- A study finding that supplementation of L-arginine during acute infection in patients with Chagas disease improved repolarization disturbances and axis deviation. “L-arginine could be useful in adjuvant therapy for Chagasic patients,” according to the study author.
- A study looking to determine the frequency of T cells, B cells, NK cells and mucosal-associated invariant T (MAIT) cells in the blood of STEMI patients, found no differences at 24 hours and 30 days after PCI in MAIT and T cell patients. Researchers noted the role of MAIT cells in AMI could “surely be a new line of research, where we can change the natural history of AMI with new therapeutic targets at the immunological level.”
- Research showing that the burden of chronic HF (CHF) on informal caregivers across Argentina, Brazil, Colombia and Mexico is high, with emotional, mental, physical and financial impacts. Of note, caregivers reported spending an average of 43.4 hours a week caring for a CHF patient and 46 percent of caregivers reported an impact on their own health.
- A study evaluating mortality risk using the Barcelona Bio-HF calculator in patients with CHF found a statistically significant relation between the risk model with NT-proBNP and mortality, suggesting the need for better clinical management of CHF patients in Latin America.
- Research showing that cardiac autonomic dysfunction was an independent predictor of inappropriate left ventricular mass in patients with chronic essential hypertension undergoing medical treatment. “This study highlights the importance of [heart rate recovery] as a predictor of mortality in patients with chronic hypertension and opens up different targets to modulate autonomic function to reduce cardiovascular outcomes,” researchers said.
- Data suggesting that use of dual antiplatelet therapy (DAPT) scoring is valid in AMI patients. Additionally, researchers note, a cut-off value of 2 is useful in predicting who will benefit from prolonged DAPT.
- A study showing that establishment of a PCI program for STEMI in the Dominican Republic is feasible and comparable with international standards — research that could be used to justify a national STEMI system of care in the country.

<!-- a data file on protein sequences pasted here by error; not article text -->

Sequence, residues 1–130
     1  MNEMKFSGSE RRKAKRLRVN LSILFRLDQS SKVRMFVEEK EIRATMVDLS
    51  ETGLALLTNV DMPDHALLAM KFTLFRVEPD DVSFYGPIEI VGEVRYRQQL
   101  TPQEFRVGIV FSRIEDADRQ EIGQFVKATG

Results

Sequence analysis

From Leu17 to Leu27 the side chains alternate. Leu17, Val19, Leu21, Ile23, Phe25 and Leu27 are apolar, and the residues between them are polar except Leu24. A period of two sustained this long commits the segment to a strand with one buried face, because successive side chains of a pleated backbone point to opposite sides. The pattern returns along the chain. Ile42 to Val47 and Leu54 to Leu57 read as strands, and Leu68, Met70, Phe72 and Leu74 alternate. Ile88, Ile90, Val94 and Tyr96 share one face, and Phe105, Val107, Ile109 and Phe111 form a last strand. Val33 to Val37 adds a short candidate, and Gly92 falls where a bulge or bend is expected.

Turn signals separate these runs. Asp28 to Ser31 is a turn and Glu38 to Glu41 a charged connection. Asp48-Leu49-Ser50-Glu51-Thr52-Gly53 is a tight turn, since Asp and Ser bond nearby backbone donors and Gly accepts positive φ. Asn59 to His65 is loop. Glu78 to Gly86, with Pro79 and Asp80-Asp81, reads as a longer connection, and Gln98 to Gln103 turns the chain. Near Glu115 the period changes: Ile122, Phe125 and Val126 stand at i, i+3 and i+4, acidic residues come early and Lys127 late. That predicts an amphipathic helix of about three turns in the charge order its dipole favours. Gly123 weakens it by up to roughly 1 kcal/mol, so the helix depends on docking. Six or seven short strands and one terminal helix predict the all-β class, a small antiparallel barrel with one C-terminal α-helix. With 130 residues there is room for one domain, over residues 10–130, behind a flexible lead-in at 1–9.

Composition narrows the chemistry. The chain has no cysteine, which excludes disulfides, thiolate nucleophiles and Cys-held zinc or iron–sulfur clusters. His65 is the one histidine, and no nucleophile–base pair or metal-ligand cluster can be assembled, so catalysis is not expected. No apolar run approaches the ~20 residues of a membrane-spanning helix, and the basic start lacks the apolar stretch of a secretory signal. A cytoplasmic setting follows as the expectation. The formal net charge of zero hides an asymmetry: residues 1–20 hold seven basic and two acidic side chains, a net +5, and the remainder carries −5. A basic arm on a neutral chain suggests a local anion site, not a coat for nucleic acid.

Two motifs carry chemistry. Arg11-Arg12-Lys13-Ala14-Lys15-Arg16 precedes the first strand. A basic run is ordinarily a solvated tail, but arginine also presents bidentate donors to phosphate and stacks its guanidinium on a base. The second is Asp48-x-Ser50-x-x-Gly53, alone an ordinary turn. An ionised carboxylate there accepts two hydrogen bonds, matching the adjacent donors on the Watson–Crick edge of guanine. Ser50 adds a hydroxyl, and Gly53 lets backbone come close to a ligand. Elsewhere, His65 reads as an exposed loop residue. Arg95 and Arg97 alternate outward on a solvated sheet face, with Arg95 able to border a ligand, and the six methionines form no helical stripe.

- Research showing the use of three-dimensional echocardiography left ventricular ejection fraction (3DE LVEF), compared with two-dimensional echocardiography, has the potential to change the decision to implant ICDs in “a sizeable number” of patients. Further, 3DE LVEF was identified as an independent risk factor for appropriate ICD therapy, note study authors.
- Research showing real-world patient characteristics and treatment patterns in CHF patients from across Argentina, Brazil, Colombia and Mexico that could help with treatment and preventing hospitalizations.
Two additional regional conferences — one in the Middle East and one for the Asia Pacific region — are taking place this fall. Registration for the Middle East Conference taking place in collaboration with the 8th Emirates Cardiac Society Congress in Dubai this October is now open. For more highlights from the Latin American Conference search #ACCLatinAmericaConf on Twitter.
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Clinical Topics: Acute Coronary Syndromes, Anticoagulation Management, Noninvasive Imaging, Prevention, Valvular Heart Disease, Atherosclerotic Disease (CAD/PAD), ACS and Cardiac Biomarkers, Anticoagulation Management and ACS, Echocardiography/Ultrasound, Hypertension
Keywords: ACC Publications, Cardiology Magazine, Coronary Artery Disease, Risk Factors, Research Personnel, Heart Rate, Latin America, Acute Coronary Syndrome, Point-of-Care Systems, Leadership, Cost of Illness, Stroke Volume, Natriuretic Peptide, Brain, Myocardial Ischemia, Hypertension, Peptide Fragments, Syncope, Echocardiography, Heart Valve Diseases, Echocardiography, Three-Dimensional, Electrocardiography